Matt Chapman has played three major-league seasons and has two Platinum Gloves. He’s clearly the American League’s best third baseman, an elite defender in every sense. That’s why he was the 2018 Wilson Defensive Player of the Year, someone who saves runs (and games) with his glove.
Matt Olson has played two full MLB seasons and has won a Gold Glove in each one. The A’s first baseman is in the Chapman class at his position.
Those two alone wouldn’t make a defense rock solid. A pronounced weakness or two can downgrade a defense in a hurry.
There are none on this A’s squad.
That’s clear from last year’s metrics, where the A’s ranked high among baseball’s best fielding teams.
They were fifth in fielding percentage in 2019, only .02 points off the lead and were third in defensive efficiency. They were baseball’s best using advanced, signature metrics from FanGraphs that would take a long time to explain.
We can confidently project similar numbers to 2020, with only two positions expected to have new starters.
One of them is catcher Sean Murphy, someone who should be a defensive upgrade over what the A’s had last year. He has thrown out 38 percent of potential base stealers over his professional career. That percentage would have put him in the top 5 in the major leagues last year.
While analyzing defensive metrics isn’t as sexy as a dominant pitching staff or a lineup full of mashers – the A’s have those, too – it’s a virtually slump-free enterprise that can a team can fall back on while struggling in other areas.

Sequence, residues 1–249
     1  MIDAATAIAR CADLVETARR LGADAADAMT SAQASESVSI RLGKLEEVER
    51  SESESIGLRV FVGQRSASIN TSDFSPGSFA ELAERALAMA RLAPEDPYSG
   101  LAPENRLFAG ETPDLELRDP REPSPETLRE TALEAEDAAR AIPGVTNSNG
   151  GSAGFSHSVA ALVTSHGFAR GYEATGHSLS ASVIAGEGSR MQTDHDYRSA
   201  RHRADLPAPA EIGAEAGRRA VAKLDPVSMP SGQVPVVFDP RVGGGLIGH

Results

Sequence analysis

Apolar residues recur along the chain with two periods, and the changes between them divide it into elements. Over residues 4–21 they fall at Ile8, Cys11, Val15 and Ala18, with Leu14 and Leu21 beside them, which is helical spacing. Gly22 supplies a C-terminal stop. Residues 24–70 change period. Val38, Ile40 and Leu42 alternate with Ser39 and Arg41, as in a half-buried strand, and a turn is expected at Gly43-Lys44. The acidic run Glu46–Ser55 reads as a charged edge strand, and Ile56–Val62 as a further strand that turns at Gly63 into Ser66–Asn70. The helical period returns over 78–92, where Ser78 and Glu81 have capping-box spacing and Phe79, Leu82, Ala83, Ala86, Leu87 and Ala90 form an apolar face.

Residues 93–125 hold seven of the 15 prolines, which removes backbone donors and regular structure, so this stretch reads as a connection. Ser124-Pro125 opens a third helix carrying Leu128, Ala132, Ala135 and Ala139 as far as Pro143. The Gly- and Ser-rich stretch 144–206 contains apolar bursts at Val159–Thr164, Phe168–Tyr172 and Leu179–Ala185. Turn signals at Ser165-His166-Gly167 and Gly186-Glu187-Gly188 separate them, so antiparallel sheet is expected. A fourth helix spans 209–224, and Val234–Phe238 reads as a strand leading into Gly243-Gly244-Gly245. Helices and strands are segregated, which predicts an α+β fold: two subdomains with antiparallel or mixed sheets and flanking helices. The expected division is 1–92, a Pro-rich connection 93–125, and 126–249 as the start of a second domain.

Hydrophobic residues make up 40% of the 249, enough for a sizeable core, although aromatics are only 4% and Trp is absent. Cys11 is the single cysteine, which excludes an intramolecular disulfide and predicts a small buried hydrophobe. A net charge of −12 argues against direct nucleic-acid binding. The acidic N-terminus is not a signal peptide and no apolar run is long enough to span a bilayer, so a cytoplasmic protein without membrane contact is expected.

The A’s defense has spiked the last two seasons –- Olson and Chapman had something to do with that –- and turned a solid unit into a potentially great one.
"That’s when we turned the corner,” A’s manager Bob Melvin said a few weeks ago on A’s Cast. “We were not a very good defensive team [in 2017], and the psychology of that can really play on a team over 162 games. It can certainly impact the pitchers, too; they pitch a bit differently. Not only are we versatile and good defensively, we have some guys who have changed positions and become really good in the field. … Not only are our guys talented, but they work hard to be good defensively. They take it seriously."
That will be vital during a shortened 60-game season where prolonged lulls can crush playoff hopes even for the deserving teams who likely would qualify over the traditional 162-game slate.
Chapman and Olson are as steady as they come. Shortstop Marcus Semien has improved into a quality defender. Ramon Laureano has a cannon for an arm in centerfield. The corner outfield spots are steady enough to keep the unit strong.
Having confidence in that makes the A’s better overall and should keep them afloat if the pitching or offense falls behind.